Has anyone else noticed a sudden increase in Jehovah’s Witnesses on the streets of Britain in recent months? I keep seeing them handing out their Watchtower magazines and “What does the Bible really say?” booklets everywhere lately.
Last month, I was mildly curious and accepted one of the offered magazines. (This, along with my cheerful, “ooh, yes please!” seemed to produce a response in the offerer similar to a mild electric shock.) The reason for my interest was the cover story and its headline, “Is Satan real?” According to Betteridge’s Law of Newspaper Headlines, if an article’s headline is framed as a question, the answer is invariably “no”. However, Watchtower violated that rule, because it turned out, much to my surprise, that the answer is “yes”.
The thing I love about these pamphlets is the contrast between presentation and content. There’s obviously a huge effort put into their production and distribution: the professional design and printing, the man hours spent standing in the street handing them out. The statement they make is so bold and unambiguous: is Satan real? Yes! You start to think there must be something to it. The slick marketing materials imply the backing of a professional organisation, but no professional organisation would stick its neck out to say something so daring unless it was sure of its facts. (There’s no small print underneath “Satan is real” revealing that that’s just the opinion of “36 out of 52 people surveyed”.)
Yet when you read the article, you quickly realise that behind the professional sheen, it’s just nonsense. It’s like a small child has accidentally been given access to a commercial marketing department and design studio. Where you expect extraordinary revelations, what you find is a void, a complete absence of evidence, a tissue-thin facade of argument, and an insight into such confusion and ignorance on the part of the author that any sane person would be embarrassed to admit it to their closest confidant, let alone publish and broadcast it across towns and cities nationwide.
One of the themes that emerged from my series of “Responses to 22 Creationists” articles was the completely different standard of justification of belief that is applied in the religious mind, and it’s clear from any Watchtower article that the same is true for its authors. Without exception, the only evidence offered to support any claim is scripture. Every paragraph ends with a reference to a Bible passage. The whole thing reads like an A-level English literature essay, alternating between quoted passages and conclusions drawn from them, except that the conclusions aren’t about the content and meaning of the book, but about the contents and meaning of reality.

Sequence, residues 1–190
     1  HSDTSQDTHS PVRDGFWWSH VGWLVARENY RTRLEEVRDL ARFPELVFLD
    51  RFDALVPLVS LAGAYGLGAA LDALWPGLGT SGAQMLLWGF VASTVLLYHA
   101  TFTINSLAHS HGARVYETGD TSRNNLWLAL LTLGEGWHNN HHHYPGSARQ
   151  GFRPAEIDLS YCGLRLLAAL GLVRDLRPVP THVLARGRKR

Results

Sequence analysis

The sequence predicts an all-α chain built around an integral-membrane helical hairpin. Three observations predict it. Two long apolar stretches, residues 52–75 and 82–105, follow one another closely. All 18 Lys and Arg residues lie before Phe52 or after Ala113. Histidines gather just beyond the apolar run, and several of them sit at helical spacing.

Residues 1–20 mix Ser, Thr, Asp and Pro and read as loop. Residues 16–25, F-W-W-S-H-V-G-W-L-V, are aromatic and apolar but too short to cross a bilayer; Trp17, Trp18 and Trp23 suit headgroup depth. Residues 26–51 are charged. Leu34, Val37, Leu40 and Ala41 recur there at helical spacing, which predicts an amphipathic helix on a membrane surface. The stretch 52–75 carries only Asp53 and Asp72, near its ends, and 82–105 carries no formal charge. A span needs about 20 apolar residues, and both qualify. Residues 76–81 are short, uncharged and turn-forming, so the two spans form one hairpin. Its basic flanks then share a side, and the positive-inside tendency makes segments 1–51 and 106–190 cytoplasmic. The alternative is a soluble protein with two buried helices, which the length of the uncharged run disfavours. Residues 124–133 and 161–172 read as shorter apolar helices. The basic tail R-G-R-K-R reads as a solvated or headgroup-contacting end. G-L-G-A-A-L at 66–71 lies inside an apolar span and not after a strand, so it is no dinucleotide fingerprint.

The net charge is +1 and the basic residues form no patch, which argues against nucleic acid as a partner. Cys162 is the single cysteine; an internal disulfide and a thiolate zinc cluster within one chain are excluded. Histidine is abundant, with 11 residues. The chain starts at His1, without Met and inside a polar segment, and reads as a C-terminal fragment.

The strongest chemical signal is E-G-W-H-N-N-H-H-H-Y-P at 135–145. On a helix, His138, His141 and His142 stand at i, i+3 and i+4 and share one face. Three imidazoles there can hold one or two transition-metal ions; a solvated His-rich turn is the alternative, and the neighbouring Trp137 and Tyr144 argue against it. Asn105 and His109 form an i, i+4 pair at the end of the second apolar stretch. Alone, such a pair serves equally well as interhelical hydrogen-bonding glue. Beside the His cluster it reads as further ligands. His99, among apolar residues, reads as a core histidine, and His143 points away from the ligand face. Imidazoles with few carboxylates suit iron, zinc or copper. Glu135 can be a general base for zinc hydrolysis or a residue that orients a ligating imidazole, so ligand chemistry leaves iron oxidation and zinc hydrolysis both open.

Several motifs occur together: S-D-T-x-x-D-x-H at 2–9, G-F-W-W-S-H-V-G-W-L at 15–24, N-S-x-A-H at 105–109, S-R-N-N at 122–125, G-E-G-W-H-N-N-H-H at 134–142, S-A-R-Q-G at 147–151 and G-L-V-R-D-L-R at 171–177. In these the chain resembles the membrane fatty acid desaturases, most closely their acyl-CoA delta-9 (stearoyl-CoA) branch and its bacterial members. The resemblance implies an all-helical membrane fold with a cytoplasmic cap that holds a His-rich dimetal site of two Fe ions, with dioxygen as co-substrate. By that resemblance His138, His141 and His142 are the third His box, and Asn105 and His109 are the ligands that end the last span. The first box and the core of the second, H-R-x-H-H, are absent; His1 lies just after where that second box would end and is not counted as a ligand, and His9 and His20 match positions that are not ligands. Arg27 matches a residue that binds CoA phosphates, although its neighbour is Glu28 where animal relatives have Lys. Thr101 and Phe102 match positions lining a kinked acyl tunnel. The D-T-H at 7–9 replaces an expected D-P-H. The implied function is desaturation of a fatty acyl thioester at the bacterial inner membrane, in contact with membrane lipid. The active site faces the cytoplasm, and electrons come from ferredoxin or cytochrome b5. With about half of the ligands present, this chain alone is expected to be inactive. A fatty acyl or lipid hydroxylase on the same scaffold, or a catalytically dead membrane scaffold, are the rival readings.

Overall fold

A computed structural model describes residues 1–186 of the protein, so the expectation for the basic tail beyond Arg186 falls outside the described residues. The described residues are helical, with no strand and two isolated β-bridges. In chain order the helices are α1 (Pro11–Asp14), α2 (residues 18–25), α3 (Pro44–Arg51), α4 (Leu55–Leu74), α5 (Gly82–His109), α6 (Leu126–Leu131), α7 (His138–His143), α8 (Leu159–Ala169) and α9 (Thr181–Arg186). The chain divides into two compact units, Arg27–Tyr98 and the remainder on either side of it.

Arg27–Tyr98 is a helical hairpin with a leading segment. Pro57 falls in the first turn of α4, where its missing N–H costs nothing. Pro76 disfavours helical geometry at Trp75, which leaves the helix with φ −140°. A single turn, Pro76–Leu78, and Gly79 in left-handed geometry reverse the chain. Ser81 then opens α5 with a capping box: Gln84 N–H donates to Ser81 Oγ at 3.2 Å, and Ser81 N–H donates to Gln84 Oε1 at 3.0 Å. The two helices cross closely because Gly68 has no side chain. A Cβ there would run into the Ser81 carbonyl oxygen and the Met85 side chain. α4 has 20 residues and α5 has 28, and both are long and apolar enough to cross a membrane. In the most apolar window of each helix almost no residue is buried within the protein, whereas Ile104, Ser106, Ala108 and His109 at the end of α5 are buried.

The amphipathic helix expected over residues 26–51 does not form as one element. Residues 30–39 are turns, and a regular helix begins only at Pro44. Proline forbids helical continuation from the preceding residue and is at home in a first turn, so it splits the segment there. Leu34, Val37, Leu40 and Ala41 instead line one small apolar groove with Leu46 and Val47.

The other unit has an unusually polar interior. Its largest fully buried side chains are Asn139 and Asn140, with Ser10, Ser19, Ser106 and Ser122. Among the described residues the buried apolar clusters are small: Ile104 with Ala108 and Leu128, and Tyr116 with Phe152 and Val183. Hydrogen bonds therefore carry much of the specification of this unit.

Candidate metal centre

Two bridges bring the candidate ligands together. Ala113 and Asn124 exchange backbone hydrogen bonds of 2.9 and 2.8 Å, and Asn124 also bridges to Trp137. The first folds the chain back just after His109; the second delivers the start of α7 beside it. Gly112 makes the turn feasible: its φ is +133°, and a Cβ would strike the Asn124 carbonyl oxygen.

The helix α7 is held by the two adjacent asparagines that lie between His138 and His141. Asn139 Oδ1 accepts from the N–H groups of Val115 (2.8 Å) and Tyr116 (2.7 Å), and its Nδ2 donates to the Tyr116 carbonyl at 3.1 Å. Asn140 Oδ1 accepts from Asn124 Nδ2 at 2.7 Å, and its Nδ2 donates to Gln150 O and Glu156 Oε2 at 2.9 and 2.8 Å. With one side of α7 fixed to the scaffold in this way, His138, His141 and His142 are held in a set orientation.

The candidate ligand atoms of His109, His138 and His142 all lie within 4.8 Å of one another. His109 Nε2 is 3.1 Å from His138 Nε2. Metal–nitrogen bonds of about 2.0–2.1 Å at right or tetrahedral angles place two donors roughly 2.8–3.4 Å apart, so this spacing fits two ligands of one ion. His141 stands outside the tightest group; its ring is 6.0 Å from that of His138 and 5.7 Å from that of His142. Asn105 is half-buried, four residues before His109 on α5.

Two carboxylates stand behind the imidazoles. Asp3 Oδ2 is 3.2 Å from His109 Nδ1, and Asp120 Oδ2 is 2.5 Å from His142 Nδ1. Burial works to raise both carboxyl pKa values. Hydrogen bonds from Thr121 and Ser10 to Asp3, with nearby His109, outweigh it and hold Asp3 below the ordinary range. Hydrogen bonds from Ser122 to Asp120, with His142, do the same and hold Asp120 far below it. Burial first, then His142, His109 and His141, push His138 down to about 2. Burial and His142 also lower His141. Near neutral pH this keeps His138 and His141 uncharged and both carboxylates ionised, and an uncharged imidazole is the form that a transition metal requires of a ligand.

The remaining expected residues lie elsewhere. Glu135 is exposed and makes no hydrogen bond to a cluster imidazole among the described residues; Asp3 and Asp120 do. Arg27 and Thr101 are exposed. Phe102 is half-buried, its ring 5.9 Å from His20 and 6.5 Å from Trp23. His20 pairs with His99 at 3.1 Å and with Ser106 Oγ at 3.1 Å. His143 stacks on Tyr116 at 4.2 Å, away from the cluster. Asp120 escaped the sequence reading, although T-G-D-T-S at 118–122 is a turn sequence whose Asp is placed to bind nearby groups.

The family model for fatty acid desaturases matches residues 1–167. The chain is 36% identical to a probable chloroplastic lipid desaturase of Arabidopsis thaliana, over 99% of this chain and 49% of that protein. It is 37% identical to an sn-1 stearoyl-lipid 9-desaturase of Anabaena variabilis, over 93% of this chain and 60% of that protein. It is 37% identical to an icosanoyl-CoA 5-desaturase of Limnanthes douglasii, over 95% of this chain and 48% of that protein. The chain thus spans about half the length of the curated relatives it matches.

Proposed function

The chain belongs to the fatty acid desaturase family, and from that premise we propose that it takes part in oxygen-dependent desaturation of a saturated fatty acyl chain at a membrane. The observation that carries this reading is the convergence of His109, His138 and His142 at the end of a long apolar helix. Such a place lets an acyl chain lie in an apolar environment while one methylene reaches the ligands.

The main aim of the article is to disprove the liberal religious view that Satan is a metaphor, and all Biblical passages which feature him, such as the temptation of Christ, are allegories. Hilariously failing to get the point, the author counters this with the response, “but the Bible clearly describes Jesus as having a conversation with Satan, and you can’t have a conversation with an allegory.”
“It’s the conversation that’s the allegory!” you want to scream, as you smack the author’s face against the brick wall which is an allegory for your conversation with him.
The author reaches a peak of idiocy in his conclusion, when he considers the future fate of Satan. Reaching the end of an article in which he has assumed throughout that every word of the Bible is literally true, and based his entire argument on that assumption, he asks what it means in Revelation 20:10 when it says that Satan will be “hurled into the lake of fire and sulfur”:
“Of course, physical fire and sulfur cannot harm an invisible spirit creature. Therefore, the lake of fire must represent eternal destruction.”
Oh, of course! The Bible can be metaphor after all, but only when it contradicts all the other insane make-believe shit that we should accept as real.